Ohio exports 51% of the soybeans grown here. Where do they go, and how do they get there? A recent webinar on infrastructure and agriculture helped participants understand more about transportation of commodities.
Mike Hogan is a corporate origination manager for Consolidated Grain and Barge (CSB). He helps buyers procure grain, soybean, and wheat crops. “Places like Ohio are surplus grain states, producing more than is needed within the state. The grain from Ohio goes for export outside the country or to the southeastern part of the United States to feed animals,” Hogan said. Most of the excess soybean crop goes to China, Europe, Mexico, Egypt, Japan and third world countries.
“Most grain companies are transportation companies in disguise,” Hogan said. CSB ships by truck, barge, or rail, with over 100 grain facilities in the Midwest. 38 of those elevators are located along rivers, as water is the most efficient transportation method. A four-barge tow is the equivalent of 1.4 trains or 538.4 trucks.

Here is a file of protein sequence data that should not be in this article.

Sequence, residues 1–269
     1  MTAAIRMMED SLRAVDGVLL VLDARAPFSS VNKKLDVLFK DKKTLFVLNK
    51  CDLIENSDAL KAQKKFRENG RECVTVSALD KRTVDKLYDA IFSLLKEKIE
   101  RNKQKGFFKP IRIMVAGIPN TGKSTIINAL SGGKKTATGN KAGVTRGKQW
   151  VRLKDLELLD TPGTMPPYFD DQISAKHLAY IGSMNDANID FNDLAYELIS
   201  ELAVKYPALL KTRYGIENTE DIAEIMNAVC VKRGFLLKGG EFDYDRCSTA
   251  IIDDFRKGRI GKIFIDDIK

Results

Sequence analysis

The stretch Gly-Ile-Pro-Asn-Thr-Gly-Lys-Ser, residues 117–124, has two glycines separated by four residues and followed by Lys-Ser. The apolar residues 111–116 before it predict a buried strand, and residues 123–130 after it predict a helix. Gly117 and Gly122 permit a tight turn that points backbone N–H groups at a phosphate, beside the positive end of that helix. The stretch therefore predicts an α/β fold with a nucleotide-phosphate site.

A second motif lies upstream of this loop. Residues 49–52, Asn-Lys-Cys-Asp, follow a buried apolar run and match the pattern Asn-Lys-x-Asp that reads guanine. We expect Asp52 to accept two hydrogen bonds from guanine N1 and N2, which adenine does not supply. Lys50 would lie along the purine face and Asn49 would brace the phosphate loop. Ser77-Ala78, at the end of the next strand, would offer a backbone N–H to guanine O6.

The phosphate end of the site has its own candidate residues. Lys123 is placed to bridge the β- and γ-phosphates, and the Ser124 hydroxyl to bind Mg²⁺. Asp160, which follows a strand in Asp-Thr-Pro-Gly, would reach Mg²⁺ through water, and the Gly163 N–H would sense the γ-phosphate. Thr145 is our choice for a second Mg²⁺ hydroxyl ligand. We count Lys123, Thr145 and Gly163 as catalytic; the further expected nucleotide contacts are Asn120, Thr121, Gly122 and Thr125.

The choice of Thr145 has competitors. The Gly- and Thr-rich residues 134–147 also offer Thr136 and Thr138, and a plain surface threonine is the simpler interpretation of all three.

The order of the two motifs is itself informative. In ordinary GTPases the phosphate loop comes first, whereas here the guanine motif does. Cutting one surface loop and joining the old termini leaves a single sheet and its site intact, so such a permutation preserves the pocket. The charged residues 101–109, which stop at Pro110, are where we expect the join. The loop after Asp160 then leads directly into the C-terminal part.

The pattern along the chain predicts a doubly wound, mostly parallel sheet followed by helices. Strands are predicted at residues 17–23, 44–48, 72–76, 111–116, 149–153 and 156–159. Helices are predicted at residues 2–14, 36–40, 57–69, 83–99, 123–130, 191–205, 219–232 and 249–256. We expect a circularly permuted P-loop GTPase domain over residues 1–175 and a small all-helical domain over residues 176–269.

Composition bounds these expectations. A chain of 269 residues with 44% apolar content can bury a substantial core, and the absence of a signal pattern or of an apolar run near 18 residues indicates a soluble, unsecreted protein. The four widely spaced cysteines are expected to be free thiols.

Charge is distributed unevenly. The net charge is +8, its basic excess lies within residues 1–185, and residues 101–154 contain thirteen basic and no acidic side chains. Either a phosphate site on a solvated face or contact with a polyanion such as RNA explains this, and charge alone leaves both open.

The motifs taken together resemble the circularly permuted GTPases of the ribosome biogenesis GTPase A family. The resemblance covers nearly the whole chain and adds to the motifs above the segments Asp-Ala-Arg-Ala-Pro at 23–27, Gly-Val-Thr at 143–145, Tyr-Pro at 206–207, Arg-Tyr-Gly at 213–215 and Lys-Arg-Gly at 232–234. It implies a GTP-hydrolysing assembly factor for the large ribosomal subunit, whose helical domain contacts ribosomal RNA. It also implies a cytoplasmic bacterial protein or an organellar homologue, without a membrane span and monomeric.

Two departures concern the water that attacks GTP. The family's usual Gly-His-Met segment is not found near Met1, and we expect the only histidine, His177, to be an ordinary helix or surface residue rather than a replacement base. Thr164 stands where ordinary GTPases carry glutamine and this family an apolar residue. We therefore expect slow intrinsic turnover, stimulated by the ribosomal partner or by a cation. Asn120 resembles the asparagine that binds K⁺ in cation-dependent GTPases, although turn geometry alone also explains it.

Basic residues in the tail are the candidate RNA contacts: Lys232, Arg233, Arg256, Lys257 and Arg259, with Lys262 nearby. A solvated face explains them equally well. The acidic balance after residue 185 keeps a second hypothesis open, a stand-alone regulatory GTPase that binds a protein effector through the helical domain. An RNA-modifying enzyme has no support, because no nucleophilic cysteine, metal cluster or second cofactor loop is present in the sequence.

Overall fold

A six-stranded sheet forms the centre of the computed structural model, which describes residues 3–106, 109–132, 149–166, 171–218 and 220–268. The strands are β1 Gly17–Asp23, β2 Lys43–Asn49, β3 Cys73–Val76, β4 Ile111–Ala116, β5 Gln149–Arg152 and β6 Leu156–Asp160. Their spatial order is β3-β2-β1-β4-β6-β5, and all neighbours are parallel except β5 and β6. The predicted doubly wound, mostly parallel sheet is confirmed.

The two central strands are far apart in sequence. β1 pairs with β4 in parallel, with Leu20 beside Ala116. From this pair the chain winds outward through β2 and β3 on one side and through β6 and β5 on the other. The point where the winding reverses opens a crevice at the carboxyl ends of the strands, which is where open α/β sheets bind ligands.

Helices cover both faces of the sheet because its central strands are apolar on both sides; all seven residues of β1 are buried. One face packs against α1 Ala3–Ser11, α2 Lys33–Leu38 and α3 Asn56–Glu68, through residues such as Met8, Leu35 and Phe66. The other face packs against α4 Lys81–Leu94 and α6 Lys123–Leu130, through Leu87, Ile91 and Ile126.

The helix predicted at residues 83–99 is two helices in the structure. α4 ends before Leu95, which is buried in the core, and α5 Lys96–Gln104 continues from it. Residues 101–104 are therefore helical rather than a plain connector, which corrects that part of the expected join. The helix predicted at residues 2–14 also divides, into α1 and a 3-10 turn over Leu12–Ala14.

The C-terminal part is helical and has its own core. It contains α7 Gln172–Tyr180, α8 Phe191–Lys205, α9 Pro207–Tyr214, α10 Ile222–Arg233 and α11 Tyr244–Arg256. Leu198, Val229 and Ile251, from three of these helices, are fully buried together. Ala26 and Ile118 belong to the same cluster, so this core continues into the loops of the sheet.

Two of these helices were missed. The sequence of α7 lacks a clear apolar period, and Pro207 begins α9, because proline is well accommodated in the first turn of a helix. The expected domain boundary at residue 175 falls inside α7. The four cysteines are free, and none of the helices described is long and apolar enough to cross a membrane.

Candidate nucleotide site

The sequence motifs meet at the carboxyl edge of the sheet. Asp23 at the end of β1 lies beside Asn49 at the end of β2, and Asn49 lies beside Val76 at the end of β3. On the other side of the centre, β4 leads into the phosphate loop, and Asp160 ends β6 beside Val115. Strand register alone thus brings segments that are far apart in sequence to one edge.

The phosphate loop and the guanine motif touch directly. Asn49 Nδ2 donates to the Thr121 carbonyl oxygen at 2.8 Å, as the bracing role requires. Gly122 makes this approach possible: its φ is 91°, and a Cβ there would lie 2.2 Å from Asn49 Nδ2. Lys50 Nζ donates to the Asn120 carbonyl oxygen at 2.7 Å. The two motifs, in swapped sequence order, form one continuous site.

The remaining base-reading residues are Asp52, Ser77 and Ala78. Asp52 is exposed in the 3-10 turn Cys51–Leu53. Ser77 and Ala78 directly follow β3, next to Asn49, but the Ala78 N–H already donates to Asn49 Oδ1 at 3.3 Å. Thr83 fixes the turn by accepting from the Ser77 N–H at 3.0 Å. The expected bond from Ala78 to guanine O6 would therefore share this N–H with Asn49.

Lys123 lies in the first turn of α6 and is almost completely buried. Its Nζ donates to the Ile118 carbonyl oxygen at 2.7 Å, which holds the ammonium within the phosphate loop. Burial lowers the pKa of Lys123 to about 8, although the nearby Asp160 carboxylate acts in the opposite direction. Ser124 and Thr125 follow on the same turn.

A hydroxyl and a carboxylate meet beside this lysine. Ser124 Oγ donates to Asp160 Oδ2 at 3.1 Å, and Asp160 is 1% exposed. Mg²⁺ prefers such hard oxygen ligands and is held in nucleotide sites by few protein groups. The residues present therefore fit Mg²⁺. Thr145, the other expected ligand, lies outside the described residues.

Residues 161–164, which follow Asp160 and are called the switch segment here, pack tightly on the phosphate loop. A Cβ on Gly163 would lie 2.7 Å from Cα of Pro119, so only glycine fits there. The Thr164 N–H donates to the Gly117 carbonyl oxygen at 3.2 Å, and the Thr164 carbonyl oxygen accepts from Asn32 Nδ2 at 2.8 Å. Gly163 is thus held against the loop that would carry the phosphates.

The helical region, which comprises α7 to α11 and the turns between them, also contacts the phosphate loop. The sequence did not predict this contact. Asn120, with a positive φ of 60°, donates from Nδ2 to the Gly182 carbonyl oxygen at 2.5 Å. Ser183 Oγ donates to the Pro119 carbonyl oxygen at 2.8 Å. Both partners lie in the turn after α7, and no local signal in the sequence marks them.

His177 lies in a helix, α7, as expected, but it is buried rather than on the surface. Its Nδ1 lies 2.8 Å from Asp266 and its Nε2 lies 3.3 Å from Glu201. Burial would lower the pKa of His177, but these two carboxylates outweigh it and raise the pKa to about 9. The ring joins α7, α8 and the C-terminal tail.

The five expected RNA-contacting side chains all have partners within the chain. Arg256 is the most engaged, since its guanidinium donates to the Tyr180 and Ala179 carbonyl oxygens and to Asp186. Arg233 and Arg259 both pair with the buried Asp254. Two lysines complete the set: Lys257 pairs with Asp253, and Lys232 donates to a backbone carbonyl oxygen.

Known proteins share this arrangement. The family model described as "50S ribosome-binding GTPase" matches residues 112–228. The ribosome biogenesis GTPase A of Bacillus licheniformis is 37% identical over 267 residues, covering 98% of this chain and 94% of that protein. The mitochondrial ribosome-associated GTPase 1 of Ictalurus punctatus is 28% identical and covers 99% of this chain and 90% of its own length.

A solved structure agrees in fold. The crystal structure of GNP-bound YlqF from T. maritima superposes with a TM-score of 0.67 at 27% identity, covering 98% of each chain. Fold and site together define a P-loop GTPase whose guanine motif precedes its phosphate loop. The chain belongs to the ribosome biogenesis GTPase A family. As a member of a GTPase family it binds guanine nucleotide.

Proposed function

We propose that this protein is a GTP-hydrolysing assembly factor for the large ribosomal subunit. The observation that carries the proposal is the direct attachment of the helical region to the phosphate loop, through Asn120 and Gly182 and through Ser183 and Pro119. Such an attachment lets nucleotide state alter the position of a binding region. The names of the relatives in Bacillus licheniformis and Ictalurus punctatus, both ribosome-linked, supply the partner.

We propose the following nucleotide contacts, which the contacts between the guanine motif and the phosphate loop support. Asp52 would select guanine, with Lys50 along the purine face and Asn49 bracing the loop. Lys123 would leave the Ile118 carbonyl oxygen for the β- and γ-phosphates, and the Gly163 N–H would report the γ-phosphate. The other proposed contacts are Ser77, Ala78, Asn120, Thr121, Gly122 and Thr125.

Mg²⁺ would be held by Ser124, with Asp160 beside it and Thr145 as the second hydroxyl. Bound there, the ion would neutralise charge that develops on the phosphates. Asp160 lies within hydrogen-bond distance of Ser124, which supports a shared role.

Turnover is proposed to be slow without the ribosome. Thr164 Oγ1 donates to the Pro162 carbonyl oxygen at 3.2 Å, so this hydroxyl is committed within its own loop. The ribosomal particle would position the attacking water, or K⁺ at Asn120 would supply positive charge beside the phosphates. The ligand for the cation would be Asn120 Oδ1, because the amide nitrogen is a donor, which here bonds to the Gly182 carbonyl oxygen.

The United States has five main waterway systems, each with their own price for shipping—the farther from the Gulf, the higher price the shipper must pay. Hogan said locks and dams are critical in transporting along waterways for not only grain, but coal and metals also travel these routes.
Alex Abrams works as a rail trader with CSB. The Mississippi River divides the main rail systems into eastern and western regions. “The main domestic markets are in the southeast and south central parts of the country,” Abrams said. Much of that grain goes for animal feed. “Our climate allows us to grow things well and move it to people who don’t have it.”
Abrams shared about his background as an economist on the Chicago Board of Trade before coming to work at CSB. A typical day on the job for him? “We see where the markets are and make decisions on how to make money,” he said.
A background in agriculture is not necessary to work in their company, Hogan said. “We have to do a lot of internal training. We are screening more for personality, resilience, risk. You have to be able to dealing with making mistakes.”